The UK was far from immune to this economic pain: it suffered a 9.8% drop in GDP in 2020, the steepest decline since consistent records began in 1948.
This damage to Britain’s economy is reflected in the fluctuating value of the pound, which slumped to its lowest level in decades last year. Whilst there is no doubt that COVID was the ultimate cause of these fluctuations in sterling’s value, it is worth asking questions about the events and announcements that led to the biggest falls in the pound’s value.
What impact do lockdowns have on currency value?
A quick look at a pound/dollar exchange graph might seem to suggest that the first lockdown announcement had a profound impact on the value of the pound. As can be seen in the below graph, the pound to dollar rate hit its lowest point ($1.147546) on March 23, the day that Boris Johnson announced the first in a series of lockdowns:
However, it is worth noting that the fall in value against the dollar really got underway from March 10 onwards, two weeks before lockdown was announced: whilst the pound to dollar rate was at a healthy $1.312715 on March 9, it had plummeted to $1.154781 by March 18, a 12% decline in less than two weeks.
The biggest losses against the dollar that occurred in March took place on March 12 (-$0.032093) and March 18 (-$0.050285). The fall on March 12, which saw the pound drop to $1.253667, down from $1.28576 on March 11, appears to have been due to the Bank of England deciding to cut its main interest rate from 0.75% to 0.25% on March 11. A fall in the value of the pound was widely anticipated following this decision, as a decrease in interest rates often leads to a devaluation in the currency. March 11 also saw President Trump suspend travel from Europe and the WHO officially declare the COVID-19 outbreak a pandemic. These announcements seem to have also played a part in the FTSE 100 falling by 10.9% on March 12, its biggest one-day loss since October 1987.
Rishi Sunak’s announcement of a £330bn stimulus package on March 17 was widely regarded as key driver in the fall in the value of the pound on March 18 to $1.154781, down from $1.205066 the day before. Many anticipated a massive increase in UK government borrowing, with the issuance of UK government IOUs, or gilts, that this entails. Under these circumstances, it is understandable that traders and investors would anticipate a fall in the value of the pound.
The pound to euro rate also hit a low of €1.067447 on March 23, the day that lockdown was announced:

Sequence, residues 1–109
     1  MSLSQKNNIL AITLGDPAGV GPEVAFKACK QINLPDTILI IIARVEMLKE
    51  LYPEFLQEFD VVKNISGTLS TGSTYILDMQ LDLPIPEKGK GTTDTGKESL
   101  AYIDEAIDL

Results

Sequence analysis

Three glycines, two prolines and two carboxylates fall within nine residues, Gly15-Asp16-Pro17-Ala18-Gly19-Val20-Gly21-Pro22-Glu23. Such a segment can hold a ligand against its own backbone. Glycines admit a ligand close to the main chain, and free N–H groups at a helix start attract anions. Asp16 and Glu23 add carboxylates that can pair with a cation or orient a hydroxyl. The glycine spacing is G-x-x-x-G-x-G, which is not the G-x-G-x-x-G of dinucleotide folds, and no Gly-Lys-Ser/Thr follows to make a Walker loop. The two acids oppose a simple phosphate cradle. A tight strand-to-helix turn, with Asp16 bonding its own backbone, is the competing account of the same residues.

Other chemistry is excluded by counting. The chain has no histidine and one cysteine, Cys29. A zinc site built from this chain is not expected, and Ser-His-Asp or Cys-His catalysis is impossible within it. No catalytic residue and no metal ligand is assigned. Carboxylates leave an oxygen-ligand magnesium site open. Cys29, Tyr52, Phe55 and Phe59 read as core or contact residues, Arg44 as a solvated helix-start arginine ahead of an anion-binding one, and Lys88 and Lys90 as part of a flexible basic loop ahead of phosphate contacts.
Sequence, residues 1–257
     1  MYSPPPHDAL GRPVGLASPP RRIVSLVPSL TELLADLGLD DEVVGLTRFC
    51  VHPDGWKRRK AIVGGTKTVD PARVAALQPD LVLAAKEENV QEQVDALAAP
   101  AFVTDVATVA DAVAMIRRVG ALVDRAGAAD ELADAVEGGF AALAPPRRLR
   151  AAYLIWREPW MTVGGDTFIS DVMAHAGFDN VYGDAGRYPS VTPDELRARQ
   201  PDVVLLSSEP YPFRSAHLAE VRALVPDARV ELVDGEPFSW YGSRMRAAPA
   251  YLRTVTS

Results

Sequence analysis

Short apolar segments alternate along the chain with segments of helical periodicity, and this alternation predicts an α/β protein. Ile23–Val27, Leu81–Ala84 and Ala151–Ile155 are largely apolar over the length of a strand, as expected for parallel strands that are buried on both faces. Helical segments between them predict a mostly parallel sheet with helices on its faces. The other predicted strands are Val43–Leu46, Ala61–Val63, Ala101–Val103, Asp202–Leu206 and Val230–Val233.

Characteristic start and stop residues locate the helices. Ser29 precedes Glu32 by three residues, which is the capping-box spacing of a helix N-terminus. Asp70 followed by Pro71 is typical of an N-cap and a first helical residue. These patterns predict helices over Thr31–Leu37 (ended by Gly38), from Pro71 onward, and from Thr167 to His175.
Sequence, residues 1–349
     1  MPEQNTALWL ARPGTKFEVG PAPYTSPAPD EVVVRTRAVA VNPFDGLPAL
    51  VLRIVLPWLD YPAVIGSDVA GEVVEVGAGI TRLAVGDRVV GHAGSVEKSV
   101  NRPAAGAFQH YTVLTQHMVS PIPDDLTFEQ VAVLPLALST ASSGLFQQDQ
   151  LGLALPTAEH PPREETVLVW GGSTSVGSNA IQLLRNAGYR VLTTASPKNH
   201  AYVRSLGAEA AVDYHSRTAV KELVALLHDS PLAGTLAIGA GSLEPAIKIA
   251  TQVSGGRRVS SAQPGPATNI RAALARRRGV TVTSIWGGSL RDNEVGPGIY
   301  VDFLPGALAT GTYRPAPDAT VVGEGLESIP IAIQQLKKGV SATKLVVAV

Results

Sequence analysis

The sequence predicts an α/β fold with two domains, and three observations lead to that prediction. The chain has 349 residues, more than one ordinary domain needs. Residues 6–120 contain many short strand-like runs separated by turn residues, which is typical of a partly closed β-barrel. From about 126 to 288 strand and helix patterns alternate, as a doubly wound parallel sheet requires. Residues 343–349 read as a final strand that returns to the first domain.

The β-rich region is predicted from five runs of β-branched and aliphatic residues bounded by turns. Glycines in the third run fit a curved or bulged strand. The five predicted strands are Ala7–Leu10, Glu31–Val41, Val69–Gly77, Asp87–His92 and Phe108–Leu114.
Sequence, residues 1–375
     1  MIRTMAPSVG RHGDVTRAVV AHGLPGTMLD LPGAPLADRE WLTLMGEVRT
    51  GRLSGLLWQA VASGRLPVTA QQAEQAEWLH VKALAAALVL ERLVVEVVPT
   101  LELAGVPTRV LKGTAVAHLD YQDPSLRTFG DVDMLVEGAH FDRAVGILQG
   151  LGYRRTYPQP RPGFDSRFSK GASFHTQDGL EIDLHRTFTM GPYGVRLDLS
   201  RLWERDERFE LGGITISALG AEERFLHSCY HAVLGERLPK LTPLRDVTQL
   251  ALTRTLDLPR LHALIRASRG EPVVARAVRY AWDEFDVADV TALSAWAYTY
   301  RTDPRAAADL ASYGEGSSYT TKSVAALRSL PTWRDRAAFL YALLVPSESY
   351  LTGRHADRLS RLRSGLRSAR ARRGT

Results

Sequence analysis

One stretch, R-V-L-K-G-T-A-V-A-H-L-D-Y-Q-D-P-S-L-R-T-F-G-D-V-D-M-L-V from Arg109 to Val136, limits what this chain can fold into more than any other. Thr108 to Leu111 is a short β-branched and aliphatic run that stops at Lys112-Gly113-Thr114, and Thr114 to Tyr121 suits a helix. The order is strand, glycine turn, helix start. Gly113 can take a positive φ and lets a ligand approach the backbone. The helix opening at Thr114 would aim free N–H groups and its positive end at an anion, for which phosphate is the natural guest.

Again, however, the decline in the value of the pound against the euro really got underway before this point, from February 26 onwards. What is most striking is that the first lockdown announcement was immediately followed by a recovery in the pound’s value. This recovery has continued into mid-2021, restoring the pound’s value against both currencies to pre-pandemic levels.
What this seems to suggest is that other factors play a far more important role in shaping sterling’s value than the announcement of lockdowns, such as i) other UK government announcements, i.e. concerning furlough and interest rates, ii) decisions made by foreign leaders, iii) Brexit, iv) pronouncements from organisations like the WHO and v) vaccination roll-outs.
Whilst the road to recovery has been rather jittery, there is no obvious connection between the introduction and lifting of lockdowns and the value of the pound. Far stronger connections can be made with Brexit negotiations: the increase in the pound’s value in July 2020, for example, occurred amid rumours of an agreement of an imminent agreement with the EU on fishing rights.
What will increasing vaccination rates affect the FX market?
This argument becomes stronger when one considers the recent performance of the pound sterling. With the Brexit deal agreed in December 2020 and the vaccination rollout getting underway in 2021, the pound traded at $1.36 at the beginning of 2021, its highest level since May 2018. This came despite the UK entering its third lockdown.
The successful rolling out of vaccines in the UK and the USA has been widely credited with restoring the value of the pound and the dollar. We can expect the euro to appreciate as increasing numbers of people throughout Europe receive their vaccinations.
As lockdowns become increasingly accepted as part of the ‘new normal’, the effects that lockdowns might have will be increasingly ‘priced in’ by investors and currency traders.